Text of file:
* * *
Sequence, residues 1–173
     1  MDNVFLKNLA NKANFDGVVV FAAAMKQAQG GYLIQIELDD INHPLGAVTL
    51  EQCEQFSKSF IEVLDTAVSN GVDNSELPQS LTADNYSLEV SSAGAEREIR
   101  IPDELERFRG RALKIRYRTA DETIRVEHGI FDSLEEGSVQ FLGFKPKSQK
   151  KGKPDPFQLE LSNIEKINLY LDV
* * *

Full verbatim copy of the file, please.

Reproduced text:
Sequence, residues 1–173
     1  MDNVFLKNLA NKANFDGVVV FAAAMKQAQG GYLIQIELDD INHPLGAVTL
    51  EQCEQFSKSF IEVLDTAVSN GVDNSELPQS LTADNYSLEV SSAGAEREIR
   101  IPDELERFRG RALKIRYRTA DETIRVEHGI FDSLEEGSVQ FLGFKPKSQK
   151  KGKPDPFQLE LSNIEKINLY LDV